LAS VEGAS – With former HP Canada marketing and alliance executive Lynn Anderson settling into a new role heading up both global channel marketing and lead generation for all aspects of the company, HP is looking to ramp up its through-partner marketing efforts.
“Our goal is to make marketing a competitive differentiator for HP,” Anderson said in a press briefing ahead of the company’s Global Partner Conference at the MGM Grand here this week. “That will let us differentiate ourselves from our competitors.”
The company will take a number of marketing programs that have been available in limited theatres worldwide to the global scale, supporting partners on both self-serve marketing efforts and higher touch marketing by connecting partners with marketing service agencies.
The first program, dubbed HP Co-Marketing Zone, is an extension of the typical co-marketing portal, allowing partners access to a variety of HP-approved marketing collateral from Web banners to telemarketing scripts, that can be quickly customized with partner logos and offers and sent out to customers. The company will also open its HP Asset Hub, a collection of images, animations and other components that range from product shots to “lifestyle images” that the company uses internally, to its Platinum partners free of charge, Anderson said.
The second program is a much bigger change, particularly for the company’s large number of smaller solution providers that may not have full-time marketing resources on staff. Under the program, HP will contract with a number of major marketing services agencies, and make their services available to HP partners in a “group buy”. The program will help smaller partners get access to more marketing capacity, and also streamline the MDF process for them. Rather than running a marketing program with the third-party marketing agency and then billing HP for the appropriate MDF, partners using HP-approved marketing companies will skip the need to pay the marketing agency directly, as the marketing company will directly bill HP for MDF-funded programs.
“For the partners, it means they don’t have to front their own money, but it’s also a big benefit for us, because instead of $10,000 here, $2,000 here, $5,000 there, we’re having a few big marketing service agencies billing us on the fly,” Anderson said. “It drives efficiency for us, and streamlines things for the partners.”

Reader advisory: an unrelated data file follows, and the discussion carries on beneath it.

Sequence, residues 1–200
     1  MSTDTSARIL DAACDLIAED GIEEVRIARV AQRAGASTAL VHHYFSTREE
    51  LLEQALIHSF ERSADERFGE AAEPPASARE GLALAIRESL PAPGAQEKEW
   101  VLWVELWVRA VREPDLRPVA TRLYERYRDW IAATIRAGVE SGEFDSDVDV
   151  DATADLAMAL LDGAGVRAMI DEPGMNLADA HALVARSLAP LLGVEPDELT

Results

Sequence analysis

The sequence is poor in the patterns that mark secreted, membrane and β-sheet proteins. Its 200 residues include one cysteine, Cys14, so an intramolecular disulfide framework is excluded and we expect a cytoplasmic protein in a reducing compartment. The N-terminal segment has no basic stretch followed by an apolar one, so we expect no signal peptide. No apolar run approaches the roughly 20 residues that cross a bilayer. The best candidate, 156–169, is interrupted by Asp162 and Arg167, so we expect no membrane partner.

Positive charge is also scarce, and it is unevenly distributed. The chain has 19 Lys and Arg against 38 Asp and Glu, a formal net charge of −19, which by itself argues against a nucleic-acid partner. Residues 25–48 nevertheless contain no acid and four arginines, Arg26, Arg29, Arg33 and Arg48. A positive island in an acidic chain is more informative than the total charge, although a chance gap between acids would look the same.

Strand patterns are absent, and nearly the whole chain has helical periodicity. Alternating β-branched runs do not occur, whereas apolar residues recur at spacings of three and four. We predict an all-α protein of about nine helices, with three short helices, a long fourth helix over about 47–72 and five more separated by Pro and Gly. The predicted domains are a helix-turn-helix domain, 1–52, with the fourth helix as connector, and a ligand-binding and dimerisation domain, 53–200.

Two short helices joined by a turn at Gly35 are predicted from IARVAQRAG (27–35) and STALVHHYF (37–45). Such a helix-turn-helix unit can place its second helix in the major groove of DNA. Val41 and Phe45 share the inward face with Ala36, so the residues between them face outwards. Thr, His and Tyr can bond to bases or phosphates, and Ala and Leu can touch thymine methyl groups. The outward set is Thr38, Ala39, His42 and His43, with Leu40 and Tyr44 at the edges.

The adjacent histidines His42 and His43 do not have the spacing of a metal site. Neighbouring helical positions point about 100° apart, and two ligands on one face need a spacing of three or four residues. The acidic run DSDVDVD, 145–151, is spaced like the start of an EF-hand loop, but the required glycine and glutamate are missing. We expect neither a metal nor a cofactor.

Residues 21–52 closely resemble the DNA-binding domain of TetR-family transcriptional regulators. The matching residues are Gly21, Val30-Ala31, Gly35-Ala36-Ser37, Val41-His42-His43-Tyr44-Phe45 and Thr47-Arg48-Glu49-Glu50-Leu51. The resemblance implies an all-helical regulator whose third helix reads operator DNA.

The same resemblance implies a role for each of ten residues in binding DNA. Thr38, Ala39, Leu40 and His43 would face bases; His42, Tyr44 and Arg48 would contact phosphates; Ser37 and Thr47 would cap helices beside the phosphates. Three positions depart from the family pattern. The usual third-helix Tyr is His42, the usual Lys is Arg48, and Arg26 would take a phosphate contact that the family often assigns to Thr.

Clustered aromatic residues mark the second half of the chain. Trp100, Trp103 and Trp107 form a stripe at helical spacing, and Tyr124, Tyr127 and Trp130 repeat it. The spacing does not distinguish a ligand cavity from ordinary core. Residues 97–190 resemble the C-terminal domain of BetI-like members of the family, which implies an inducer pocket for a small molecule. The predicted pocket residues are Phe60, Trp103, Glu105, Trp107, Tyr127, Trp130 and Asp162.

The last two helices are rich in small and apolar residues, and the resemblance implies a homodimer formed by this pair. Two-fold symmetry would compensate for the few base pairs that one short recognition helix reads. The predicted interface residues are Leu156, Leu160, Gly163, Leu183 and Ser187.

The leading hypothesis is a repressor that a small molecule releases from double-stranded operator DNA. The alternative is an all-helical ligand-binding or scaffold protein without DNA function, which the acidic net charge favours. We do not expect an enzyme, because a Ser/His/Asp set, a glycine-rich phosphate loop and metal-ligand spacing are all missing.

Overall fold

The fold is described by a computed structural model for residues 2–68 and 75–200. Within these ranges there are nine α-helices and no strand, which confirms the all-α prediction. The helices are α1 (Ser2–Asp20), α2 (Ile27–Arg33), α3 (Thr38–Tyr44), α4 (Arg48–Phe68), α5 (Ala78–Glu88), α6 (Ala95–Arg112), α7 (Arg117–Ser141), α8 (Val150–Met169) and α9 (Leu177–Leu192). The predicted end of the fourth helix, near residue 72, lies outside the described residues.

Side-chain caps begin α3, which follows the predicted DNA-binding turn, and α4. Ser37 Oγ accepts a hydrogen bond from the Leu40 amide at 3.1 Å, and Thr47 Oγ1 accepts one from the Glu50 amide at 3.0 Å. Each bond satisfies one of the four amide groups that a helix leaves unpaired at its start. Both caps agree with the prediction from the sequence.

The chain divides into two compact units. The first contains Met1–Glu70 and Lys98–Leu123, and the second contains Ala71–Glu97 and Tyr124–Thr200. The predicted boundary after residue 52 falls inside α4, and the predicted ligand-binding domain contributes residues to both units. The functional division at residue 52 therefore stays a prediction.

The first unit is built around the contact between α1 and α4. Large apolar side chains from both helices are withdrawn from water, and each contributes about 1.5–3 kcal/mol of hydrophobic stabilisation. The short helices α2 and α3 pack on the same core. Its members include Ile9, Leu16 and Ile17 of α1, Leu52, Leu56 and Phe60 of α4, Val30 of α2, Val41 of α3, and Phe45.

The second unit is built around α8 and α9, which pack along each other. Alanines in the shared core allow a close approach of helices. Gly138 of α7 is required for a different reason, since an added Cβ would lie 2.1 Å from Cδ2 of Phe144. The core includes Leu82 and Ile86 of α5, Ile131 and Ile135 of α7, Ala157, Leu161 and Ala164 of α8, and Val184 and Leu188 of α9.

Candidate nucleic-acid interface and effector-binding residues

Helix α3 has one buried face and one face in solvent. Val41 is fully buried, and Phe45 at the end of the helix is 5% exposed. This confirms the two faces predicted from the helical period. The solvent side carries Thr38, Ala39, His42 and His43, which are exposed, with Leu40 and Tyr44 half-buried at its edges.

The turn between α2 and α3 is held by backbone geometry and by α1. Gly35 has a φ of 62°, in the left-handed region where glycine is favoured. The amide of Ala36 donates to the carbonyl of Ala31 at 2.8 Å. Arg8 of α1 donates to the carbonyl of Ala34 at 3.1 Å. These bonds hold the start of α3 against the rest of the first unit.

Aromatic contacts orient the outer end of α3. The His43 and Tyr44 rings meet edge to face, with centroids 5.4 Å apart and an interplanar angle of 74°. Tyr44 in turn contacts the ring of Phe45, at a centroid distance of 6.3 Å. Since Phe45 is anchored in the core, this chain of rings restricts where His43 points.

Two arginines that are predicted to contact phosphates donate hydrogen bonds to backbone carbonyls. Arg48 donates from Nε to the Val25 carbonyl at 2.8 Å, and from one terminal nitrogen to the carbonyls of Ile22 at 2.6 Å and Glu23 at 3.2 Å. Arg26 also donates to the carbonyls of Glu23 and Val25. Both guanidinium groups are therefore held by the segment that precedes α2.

Using HP’s procurement power should also mean partners will be able to get more bang for their MDF buck, as marketing partners will sign on to more friendly terms to work with a variety of partners through HP than they would be able to get working directly with a third-party marketing agency.
The new marketing efforts also emphasize a “one HP” message, which was front and center to partners at last year’s GPC, and continue this year. Page Murray, vice president of worldwide channel marketing, said that programs like the marketing agency one wouldn’t be possible under the previous system, where each major division of HP (printing and personal systems, enterprise, and software) each ran its own channel marketing.
The renewed and HP-wide marketing approach is reflected in many ways here at GPC. The company boasts more of its top partners in attendance this year than ever before, and higher level executive within those top partners in the house. The effort was spearheaded by having top executives including CEO Meg Whitman and PPS chief Dion Weisler personally call and invite top partners to the event. The marketing approach shows in the agenda as well – in addition to the usual technology-focused and trend-focused breakouts, HP has engaged top consultants including Booz Allen Hamilton, Deloitte, and PwC to present to partners on business issues including how to build an organization for growth, and compensation model changes necessary for cloud-focused partners.
“These are designed to tackle the tough questions you have to ask yourself as you invest in growth,” Anderson said.